It brought me back to the Bahá’í way of viewing things. I came to realize I did believe in God. I couldn’t conceive of a universe without someone overseeing it in a compassionate way. It just made the most sense to me that God gradually is unfolding a plan for humankind. That there is progressive revelation — the Bahá’í belief that God sends Messengers for each day and age. I re-read books about the Bahá’í Faith. And I came back to believing that Bahá’u’lláh was the Promised One and Messenger for this day and age…
My feeling about the Faith is that it provides a practical guideline for living one’s life. So much about religion has to do with rigid, sacrosanct preciousness. I don’t live my life that way, and I don’t feel that’s what Bahá’u’lláh teaches. He wants us to live rich, full, loving lives in service to God’s will and the human family.
I love how democratic the (Bahá’í) Faith is, that it has no clergy, no people telling us how to interpret the word of God. In this day and age we see how corrupt clergy can lead mankind down so many bad roads.”
“There is no doubt that your faith’s belief in the breaking down of barriers that separate people is a lesson to us all, as we face the national and international challenges of our day.
The importance you place on principles such as social justice, and the need to tackle prejudice, has stood the test of time. These principles are as vital today as they were a century and a half ago.
May I commend also your belief in the value of individual human initiative, the importance of family life, and the need to strengthen communities and to review and advance society as a whole.”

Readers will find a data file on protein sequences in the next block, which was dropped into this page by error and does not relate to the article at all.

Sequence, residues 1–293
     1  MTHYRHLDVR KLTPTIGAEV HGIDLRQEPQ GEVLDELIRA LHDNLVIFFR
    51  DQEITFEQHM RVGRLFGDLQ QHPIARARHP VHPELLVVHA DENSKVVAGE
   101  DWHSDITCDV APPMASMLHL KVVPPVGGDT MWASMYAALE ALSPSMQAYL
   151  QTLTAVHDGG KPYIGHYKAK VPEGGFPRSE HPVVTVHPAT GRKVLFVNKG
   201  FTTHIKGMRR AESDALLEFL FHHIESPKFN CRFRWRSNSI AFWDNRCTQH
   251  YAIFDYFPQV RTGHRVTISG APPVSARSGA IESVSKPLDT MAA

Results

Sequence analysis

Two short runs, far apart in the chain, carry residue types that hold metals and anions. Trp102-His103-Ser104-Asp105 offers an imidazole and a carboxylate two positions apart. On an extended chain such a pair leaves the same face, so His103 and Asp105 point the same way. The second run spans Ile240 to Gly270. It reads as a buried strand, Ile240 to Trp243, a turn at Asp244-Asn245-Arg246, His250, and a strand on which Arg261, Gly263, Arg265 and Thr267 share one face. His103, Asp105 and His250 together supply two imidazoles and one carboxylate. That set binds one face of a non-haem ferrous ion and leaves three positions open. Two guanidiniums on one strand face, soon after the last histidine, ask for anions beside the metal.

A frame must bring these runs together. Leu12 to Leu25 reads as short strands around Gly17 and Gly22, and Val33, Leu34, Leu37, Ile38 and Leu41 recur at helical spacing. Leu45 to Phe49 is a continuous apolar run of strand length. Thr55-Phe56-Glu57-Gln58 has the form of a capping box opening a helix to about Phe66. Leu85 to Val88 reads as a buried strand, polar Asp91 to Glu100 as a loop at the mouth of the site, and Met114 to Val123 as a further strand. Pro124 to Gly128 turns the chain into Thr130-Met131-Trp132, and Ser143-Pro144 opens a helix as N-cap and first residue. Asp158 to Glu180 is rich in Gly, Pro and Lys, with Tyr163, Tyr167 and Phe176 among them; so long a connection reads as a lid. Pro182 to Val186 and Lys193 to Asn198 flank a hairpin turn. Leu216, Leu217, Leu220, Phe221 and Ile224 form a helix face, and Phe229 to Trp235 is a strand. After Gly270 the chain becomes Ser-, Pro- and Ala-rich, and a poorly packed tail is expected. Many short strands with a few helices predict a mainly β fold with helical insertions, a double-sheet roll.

“The principles which the Bahá’í community hold dear – in particular unity and also the promotion of social justice, a belief in the importance of family life, and a concern for the environment – are of central importance to our society today.
The fact that so much work has been carried out to put these values into practice, through development projects around the world does great credit to your faith.
I know also that you will have in your thoughts at this time those communities elsewhere who face persecution because of their faith. Freedom to worship and to hold religious belief is a fundamental right which we must always cherish.”
“Not only is Ridván an important time for communal prayers and celebration, and for electing local governing councils, but it can also be a time for reflection on the principles which the Bahá’í community holds dear. These principles include unity, the promotion of social justice, a belief in the importance of family life, and a concern for the environment. I know that you will also be thinking of your co-religionists elsewhere who may be facing persecution because of their beliefs.”
Tony Blair was Prime Minister of the United Kingdom from 1997-2007. He was the Labour Party’s longest-serving Prime Minister and the only leader to have taken the party to three consecutive general election victories. On a number of occasions, Mr Blair sent the UK Baháí community messages for the celebration of Naw-Rúz.
On 30 May 2008, Tony Blair launched the Tony Blair Faith Foundation as a vehicle for encouraging different faiths to join together in promoting respect and understanding, as well as working to tackle poverty. Reflecting Blair’s own faith, but not dedicated to any particular religion, the Foundation aims to “show how faith is a powerful force for good in the modern world.”
“I have a clear vision of a multi-cultural Britain – one which values the contribution made by each of our ethnic, cultural and faith communities. I am determined to see a truly dynamic society, in which people from different ethnic, cultural and religious backgrounds can live and work together, whilst retaining their distinctive identities, in an atmosphere of mutual respect and understanding.
British Baha’is make a significant contribution towards achieving this vision and we are a stronger, better country because of it. It is particularly important that we celebrate the contribution of the Baha’i faith to the stability and prosperity of British Society as a whole.